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Trump Administration Will Ask Military to Shelter Up to 5,000 Migrant Children

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Federal officials intend to ask the Pentagon for help sheltering up to 5,000 migrant children crossing the U.S. southern border without a parent, marking an expansion of the Defense Department’s role in the Trump Administration’s hardline policy toward undocumented immigrants.

The request is expected to come not long after U.S. Customs and Border Protection (CBP) released new data showing that unauthorized crossings, especially of family units, along the Mexico border had surged to record levels in recent months. Last month, roughly 6,500 unaccompanied minors crossed the U.S.-Mexico border — a nearly 120% increase over February 2018.

“Our capacity is already severely strained, but these increases will overwhelm the system entirely,” Homeland Security Secretary Kirstjen Nielsen told a House committee on Wednesday. “This is not a manufactured crisis. This is truly an emergency.” The agency expects even more unaccompanied minors to arrive in coming months, reflecting historical patterns in which migration increases during the summer.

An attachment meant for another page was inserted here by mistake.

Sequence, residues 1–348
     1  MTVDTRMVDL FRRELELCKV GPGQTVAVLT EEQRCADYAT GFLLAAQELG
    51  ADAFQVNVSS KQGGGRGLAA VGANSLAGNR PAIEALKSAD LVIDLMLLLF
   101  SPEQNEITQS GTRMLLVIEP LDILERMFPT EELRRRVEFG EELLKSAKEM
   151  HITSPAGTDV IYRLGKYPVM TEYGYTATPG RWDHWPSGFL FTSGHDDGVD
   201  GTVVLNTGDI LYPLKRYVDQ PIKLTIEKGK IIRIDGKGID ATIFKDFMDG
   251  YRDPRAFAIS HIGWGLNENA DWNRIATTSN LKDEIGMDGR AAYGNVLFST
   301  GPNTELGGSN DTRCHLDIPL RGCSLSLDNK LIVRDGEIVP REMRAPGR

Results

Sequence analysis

The U.S. Department of Health and Human Services (HHS), the federal agency responsible for migrant children until they can be given to an adult relative, currently holds about 11,500 migrant toddlers, children and teens at U.S. government detention and processing centers across the country. A child’s average length of stay under the agency’s custody was 89 days during the first four months fiscal 2019, compared to 60 days in fiscal year 2018.

HHS spokeswoman Evelyn Stauffer said that “existing shelter capacity is nearly full.” The agency plans to request help from the Pentagon because of “the overwhelming number” of new unaccompanied children crossing the border. She pointed out that HHS has requested similar aid from the Pentagon in the past. In 2014, the Obama Administration placed roughly 7,700 migrant children on bases in Texas, California and Oklahoma. In that case, the shelters were shuttered after four months.